Pamela Moran's Blog
Pen Meets the Page
When fellow author and friend, Melissa Cutler, tagged me for a blog hop focusing on our writing process I scratched my head wondering what I'd gotten myself into with this blogging business. Luckily I was able to sneak a peak at Melissa's answers, nod my head a few times as I read through her post and had the thought - she makes this look easy. Maybe it's not so hard. Just chatting with a few friends about my writing and my stories.
Piece of cake, right?
1.) What am I working on/writing?
BLIND SIGHT came out towards the end of last month and since then I've been working on the next in the PSI Sentinel series: GAVIN'S WOMAN.
Gavin Dunbar, liaison between the PSI and the government, is a low-level psychic himself, a man of the present who believes the future is too nebulous, too fluid - that it can't be trusted. His reasons are mired deep in a past he has no desire to examine.
Calea Fontaine is a seer from a long line of seers. But she knows, firsthand, that while Fate might try to guide a person along a path, Free Will has a way of trumping destiny.
Or does it?
These two are about to find out .... And I get to go along for the ride!
2.) How does my work/writing differ from others in its genre?
I've always been fascinated by the psychic world. From seeing auras to having precognitive dreams, from Astrology to Tarot, from seeing and feeling ghosts to all of the Clair Senses, it all enthralls me. So writing the PSI Sentinels became a natural fit, one that feels right. Like it's what I'm supposed to do.
Now, while some of the things that happen in my stories are larger than life and push that psychic edge nearly to the point of what might be considered magic, I've worked to keep my characters gifts/talents rooted in a semblance of realism.
Sebastian Alexander's energy manipulation in ELSIE'S SECRET, Ben Garrett's use of Psychometry in STOLEN SPIRIT, Gabe Nicholetti's grounding in BLIND SIGHT along with Allison Davis' artwork and her use of the Tarot are all based on known PSI abilities.
If we're honest with ourselves, how many of 'us' were told stories about our Great Aunt Thelma who talked with Uncle Oliver who'd died or our Granny who had the gift of sight? If we shake your geology tree, there's no telling what might break loose.
3.) How does my writing process work?
Okay, so here's the sticky question. And the short answer is my process is a work in process! Each story idea starts in a different way. STOLEN SPIRIT literally started with a dream, although the unfolding story didn't follow that dream sequence, it is where I met Jake. ELSIE was the result of a what if game - what if Elsie Quartermaine had a secret bigger than her hero's? And the germ for BLIND SIGHT was gleamed from a picture in a magazine of a broad shouldered, Italian man who sat staring into the distance, brooding.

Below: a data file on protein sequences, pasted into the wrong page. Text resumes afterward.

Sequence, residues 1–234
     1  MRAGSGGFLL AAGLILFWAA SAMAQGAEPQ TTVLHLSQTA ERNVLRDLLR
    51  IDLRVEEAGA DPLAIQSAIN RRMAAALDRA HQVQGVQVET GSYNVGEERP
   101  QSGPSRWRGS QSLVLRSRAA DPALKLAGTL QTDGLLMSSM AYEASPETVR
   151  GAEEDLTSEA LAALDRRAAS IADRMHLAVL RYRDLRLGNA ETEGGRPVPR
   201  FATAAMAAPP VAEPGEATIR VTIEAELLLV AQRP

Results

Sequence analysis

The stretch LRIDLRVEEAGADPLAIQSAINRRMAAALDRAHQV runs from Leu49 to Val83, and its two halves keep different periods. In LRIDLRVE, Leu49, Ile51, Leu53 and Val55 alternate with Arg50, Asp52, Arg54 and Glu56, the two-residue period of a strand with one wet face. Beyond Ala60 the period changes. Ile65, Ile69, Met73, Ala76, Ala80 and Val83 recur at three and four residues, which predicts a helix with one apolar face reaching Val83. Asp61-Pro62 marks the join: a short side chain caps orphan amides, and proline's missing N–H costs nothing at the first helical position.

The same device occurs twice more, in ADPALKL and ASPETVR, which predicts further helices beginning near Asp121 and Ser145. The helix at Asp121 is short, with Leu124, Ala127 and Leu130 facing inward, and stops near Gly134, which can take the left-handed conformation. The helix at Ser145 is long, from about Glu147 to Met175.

So I start with characters who quickly become real. Then I spend a lot of time with a pen and a notebook, working out their back-story, who they are and what's important to them, free-flowing the answers onto the paper. In between all of that I'm also working out a general feel for the plot and getting words into the computer.
I'm not sure I could write if I didn't have my notebook. Pen to paper. Maybe it's a kinetic energy type of thing, that feel of the pen rolling across the page.... Each story has several notebooks filled with everything from plot points to dialogue to actual whole scenes hand written with scribbles and extra notes all along the margins. What's funny is that I rarely refer back to those notes, which is probably good since I'm not sure even I could decipher some of those notes!
4.) Who's up next?
Ann Gimpel writes paranormal and contemporary fantasy novels with an ecological twist. She skis, hikes, climbs and on a good day is the alpha female of a wolf pack. Here's a little more about Ann:
Ann Gimpel is a clinical psychologist with a Jungian bent. Avocations include mountaineering, skiing, wilderness photography and, of course, writin. A lifelong aficionado of the unusual, she began writing speculative fiction a few years ago. Since then her short fiction has appeared in a number of webzines and anthologies. Her longer books run the gamut from urban fantasy to paranormal romance. She's published twenty books to date, with several more contracted for 2014.
A husband, grown children, grandchildren and three wolf hybrids round out her family.
To connect with Ann:
Click here to read hop on over to Ann Gimpel's blog which will go live later this week!
Wednesday, 18 June 2014
Thanks Margaret, for stopping by, but in reality you're the one who makes it look easy! I look forward to the continuation of your blog once you get yourself settled.
(As M.A. Taylor, Margaret writes non-fiction writers' guides to law enforcement that are a fascinating read even if you're not a writer!)
Wednesday, 18 June 2014
Thanks so much for putting this together Pam, and for, ahem, twisting my arm to take part. I love that some of your story ideas come from dreams. So do mine! Guess we California gals think alike.· Pamela Moran likes this comment.
Wednesday, 18 June 2014
I love your books, they're so atmospheric and now I know where you get your inspiration, I'm even more hooked. Your writing is unique yet similar to the Gothic style in a modern setting. Knowing you start your stories with handwritten notes explains a lot.· Pamela Moran likes this comment.
Pam, cool blog post. I'm enjoying seeing how different each authors writing process is. Trouble is you all make it look easy. LOL